Use cordless window products, if possible. If not, cut the cords short, eliminating the loops, and tie them out of reach.
Eliminate openings of more than 3 ½ inches in stair railings, balconies and furniture.
Get down on your hands and knees to check for small objects. Keep rooms free of items that can fit into a small parts tester or toilet paper tube.
Prevent serious falls
Install hardware-mounted gates at the top and bottom of the stairs.
Use stationary play centers instead of baby walkers with wheels.
Keep hallways and stairways well-lit and free of clutter.
Tack down rugs and runners.
Install window guards or stops on all windows not designated as emergency exits, to prevent them from opening more than 4 inches.
Facts: In 2009, more than 26,000 injuries were sustained by children ages 14 and under involving skiing, snowboarding or snowmobiles.
In 2009, more than 18,000 injuries were sustained by children ages 14 and under involving toboggans, sleds, snow discs, etc.
Helmets prevent or reduce the effects of 53 percent of the head injuries suffered by children while skiing or snowboarding
For children ages 8 to 13, the rate of sports-related concussions was highest for football and ice hockey players, when taking into account participation rates.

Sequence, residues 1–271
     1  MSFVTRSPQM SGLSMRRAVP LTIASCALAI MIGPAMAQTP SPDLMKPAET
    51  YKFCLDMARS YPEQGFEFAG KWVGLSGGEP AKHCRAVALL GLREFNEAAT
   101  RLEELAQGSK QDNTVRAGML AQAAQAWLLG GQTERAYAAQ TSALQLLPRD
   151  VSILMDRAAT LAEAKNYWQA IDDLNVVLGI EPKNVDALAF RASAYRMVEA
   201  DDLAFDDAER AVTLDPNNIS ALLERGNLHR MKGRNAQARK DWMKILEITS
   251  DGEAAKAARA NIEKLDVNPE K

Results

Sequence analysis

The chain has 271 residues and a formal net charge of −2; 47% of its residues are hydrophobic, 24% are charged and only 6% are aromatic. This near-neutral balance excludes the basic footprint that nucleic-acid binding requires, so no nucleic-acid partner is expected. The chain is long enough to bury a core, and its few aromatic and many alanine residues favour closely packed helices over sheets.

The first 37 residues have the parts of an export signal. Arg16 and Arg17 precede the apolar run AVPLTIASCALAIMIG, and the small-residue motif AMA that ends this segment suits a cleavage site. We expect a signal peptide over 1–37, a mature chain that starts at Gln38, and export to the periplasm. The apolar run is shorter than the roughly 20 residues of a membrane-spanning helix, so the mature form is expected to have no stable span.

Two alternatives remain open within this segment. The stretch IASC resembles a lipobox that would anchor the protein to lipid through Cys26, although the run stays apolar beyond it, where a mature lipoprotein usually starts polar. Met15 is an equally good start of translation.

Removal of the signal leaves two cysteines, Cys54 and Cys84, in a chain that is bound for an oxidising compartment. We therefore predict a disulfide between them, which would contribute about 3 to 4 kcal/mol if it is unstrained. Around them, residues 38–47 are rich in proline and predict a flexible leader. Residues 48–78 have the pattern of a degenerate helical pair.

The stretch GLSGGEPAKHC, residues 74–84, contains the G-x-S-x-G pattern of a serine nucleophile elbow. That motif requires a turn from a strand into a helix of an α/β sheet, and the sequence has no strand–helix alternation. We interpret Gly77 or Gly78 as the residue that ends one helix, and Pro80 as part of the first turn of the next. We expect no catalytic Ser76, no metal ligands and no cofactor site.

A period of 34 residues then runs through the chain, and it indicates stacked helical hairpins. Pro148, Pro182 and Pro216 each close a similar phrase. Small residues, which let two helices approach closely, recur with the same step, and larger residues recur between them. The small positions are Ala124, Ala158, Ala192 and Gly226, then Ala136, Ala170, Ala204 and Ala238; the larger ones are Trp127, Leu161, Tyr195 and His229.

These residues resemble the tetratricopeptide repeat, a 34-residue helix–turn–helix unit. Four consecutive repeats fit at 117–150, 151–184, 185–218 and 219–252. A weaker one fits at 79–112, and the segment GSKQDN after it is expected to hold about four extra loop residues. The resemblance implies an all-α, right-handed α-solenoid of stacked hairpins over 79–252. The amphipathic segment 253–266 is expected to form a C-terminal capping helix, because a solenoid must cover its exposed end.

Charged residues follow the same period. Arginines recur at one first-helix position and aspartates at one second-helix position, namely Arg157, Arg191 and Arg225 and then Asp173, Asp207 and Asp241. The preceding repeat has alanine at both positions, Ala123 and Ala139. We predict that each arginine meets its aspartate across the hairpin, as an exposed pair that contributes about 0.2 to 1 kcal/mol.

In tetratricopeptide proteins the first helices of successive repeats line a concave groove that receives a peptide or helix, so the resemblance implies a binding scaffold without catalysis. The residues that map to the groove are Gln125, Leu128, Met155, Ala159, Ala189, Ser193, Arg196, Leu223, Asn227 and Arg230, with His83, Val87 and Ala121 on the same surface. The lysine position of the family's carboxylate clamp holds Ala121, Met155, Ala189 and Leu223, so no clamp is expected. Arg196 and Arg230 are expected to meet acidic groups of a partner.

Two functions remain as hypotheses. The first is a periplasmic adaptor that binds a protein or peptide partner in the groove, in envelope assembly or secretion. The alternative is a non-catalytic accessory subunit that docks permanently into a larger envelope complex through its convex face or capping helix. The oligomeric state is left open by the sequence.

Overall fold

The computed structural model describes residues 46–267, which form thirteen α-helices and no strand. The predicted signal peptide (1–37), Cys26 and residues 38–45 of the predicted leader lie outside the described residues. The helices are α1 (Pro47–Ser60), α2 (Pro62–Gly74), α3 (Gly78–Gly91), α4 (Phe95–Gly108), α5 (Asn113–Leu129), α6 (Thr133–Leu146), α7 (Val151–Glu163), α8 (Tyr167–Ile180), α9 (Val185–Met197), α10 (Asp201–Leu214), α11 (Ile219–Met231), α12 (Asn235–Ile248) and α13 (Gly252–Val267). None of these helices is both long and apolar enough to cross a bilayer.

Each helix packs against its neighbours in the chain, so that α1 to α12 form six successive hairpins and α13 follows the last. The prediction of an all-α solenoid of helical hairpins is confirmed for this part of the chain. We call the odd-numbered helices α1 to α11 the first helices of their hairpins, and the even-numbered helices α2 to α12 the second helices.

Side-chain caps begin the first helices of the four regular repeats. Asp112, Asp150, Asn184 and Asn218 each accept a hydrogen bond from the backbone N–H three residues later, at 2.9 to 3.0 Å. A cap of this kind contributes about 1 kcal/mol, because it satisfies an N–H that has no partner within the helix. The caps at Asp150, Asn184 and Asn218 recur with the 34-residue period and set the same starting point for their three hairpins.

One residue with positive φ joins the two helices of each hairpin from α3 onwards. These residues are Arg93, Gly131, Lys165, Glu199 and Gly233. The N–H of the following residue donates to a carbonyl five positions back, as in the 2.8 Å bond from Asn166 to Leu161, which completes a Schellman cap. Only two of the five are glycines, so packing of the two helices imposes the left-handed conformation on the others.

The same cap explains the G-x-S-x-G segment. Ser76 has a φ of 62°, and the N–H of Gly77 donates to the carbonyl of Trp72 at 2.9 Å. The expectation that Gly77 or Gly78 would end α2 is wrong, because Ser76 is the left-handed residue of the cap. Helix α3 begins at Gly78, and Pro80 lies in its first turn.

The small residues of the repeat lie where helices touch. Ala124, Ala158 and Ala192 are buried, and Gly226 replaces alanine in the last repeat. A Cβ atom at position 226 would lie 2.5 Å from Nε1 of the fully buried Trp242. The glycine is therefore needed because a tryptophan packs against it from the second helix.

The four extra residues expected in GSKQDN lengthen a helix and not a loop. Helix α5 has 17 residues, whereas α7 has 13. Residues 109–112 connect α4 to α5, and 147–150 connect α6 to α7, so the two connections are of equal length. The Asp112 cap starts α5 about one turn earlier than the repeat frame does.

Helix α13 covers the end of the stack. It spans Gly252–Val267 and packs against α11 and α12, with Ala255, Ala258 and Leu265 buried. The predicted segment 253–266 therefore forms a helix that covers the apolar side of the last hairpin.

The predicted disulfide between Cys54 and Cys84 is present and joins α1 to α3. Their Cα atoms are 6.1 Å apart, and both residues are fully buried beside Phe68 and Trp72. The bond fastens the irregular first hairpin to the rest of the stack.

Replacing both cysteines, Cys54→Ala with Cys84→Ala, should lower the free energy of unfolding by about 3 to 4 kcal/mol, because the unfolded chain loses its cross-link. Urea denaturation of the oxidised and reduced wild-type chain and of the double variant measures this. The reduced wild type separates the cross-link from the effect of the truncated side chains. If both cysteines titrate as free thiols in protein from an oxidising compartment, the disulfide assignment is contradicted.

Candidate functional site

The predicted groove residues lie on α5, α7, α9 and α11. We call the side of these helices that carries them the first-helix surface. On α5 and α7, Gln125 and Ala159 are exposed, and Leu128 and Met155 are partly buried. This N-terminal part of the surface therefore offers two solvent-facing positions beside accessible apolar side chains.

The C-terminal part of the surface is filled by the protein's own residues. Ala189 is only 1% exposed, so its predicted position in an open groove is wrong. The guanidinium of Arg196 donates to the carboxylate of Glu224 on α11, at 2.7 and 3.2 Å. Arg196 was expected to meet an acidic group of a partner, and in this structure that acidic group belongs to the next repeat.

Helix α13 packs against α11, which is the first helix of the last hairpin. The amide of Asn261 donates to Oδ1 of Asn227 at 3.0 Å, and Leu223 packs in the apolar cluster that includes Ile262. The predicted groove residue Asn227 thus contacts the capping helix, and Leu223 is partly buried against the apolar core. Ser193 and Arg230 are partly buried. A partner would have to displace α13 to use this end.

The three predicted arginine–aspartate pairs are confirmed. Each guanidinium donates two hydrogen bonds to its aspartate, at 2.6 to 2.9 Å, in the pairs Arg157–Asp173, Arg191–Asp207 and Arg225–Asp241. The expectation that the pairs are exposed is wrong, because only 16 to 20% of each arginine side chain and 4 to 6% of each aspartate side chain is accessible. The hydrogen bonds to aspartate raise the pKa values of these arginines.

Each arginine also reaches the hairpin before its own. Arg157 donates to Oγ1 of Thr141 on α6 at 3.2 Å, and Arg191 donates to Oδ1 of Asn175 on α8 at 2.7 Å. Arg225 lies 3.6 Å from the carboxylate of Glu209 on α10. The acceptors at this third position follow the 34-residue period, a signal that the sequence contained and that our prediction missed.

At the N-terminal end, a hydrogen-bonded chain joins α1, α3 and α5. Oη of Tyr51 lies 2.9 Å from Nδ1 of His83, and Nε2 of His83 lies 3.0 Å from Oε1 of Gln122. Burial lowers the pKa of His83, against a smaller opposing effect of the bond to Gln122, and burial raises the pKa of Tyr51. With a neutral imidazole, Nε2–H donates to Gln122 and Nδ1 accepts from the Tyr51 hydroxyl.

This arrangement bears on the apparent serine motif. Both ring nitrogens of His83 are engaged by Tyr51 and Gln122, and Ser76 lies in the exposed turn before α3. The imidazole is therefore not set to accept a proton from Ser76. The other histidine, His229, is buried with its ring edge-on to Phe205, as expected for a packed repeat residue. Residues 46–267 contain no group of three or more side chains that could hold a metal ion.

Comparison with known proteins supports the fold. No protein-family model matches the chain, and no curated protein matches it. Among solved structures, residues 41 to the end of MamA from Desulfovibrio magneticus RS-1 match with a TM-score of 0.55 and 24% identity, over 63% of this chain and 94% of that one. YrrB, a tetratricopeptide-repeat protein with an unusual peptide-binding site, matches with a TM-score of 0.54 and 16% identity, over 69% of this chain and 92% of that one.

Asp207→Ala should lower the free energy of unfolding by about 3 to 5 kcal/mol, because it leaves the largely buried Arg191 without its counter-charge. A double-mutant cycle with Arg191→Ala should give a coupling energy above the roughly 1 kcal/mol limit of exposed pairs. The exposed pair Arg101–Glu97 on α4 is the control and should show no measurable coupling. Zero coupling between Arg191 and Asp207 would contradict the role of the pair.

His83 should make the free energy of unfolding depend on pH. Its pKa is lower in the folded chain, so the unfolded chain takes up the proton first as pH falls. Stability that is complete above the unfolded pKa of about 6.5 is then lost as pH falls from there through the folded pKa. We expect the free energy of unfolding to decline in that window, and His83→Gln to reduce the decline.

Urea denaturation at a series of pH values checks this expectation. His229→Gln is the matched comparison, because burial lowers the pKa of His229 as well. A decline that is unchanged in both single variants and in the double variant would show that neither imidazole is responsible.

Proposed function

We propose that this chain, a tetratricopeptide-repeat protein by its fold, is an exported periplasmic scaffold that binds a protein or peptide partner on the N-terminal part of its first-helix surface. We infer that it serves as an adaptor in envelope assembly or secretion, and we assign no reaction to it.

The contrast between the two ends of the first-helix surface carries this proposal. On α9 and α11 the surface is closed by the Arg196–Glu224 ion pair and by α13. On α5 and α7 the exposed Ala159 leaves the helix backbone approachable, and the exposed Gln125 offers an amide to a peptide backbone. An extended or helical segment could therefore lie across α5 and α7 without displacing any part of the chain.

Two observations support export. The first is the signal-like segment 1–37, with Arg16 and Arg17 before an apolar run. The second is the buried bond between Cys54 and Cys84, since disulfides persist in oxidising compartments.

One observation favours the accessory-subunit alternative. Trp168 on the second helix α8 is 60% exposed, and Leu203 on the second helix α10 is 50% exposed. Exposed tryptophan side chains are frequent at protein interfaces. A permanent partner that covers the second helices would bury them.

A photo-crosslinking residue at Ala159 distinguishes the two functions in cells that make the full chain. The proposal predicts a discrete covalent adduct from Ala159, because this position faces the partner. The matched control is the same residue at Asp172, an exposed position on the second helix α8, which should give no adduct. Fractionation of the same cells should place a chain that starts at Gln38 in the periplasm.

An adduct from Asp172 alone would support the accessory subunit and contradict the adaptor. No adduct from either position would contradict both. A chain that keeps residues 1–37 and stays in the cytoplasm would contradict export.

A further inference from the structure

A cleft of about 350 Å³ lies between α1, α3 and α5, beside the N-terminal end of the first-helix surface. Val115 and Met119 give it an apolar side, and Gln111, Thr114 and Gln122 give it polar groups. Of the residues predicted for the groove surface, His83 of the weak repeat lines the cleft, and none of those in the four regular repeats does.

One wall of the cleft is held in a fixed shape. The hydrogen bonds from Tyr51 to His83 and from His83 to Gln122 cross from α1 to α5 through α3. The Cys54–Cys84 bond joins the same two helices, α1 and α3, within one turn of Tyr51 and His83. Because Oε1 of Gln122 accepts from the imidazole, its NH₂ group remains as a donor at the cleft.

Helmets have been shown to reduce the risk of concussion, particularly in sports such as football, skiing and snowboarding.
back to Safe Kids Website:
Top Winter Safety Tips:
Always wear sport-specific, properly fitting safety gear when participating in winter sports.
Kids should always wear helmets when they ski, sled, snowboard and play ice hockey. There are different helmets for different activities.
Parents should wear helmets too. Remember, your children learn safety habits by watching you.
Dress in layers and wear warm, close-fitting clothes. Make sure that long scarves are tucked in so they don’t get entangled in lifts, ski poles or other equipment.
Stay hydrated. Drink fluids before, during and after winter play.
Kids — or caregivers — who become distracted or irritable, or begin to hyperventilate, may be suffering from hypothermia or altitude sickness, or they may be too tired to participate safely in winter sports. They need to go indoors to warm up and rest.
Children under 6 should not ride a snowmobile, and nobody under 16 should drive one. All snowmobile drivers and passengers should wear helmets designed for high-speed motor sports. A bike helmet isn’t sufficient for a four-wheeled motorcycle that can go up to 90 miles per hour.
Cover your child’s exposed skin with sunscreen to protect his skin from the sunlight, which reflects off the snow.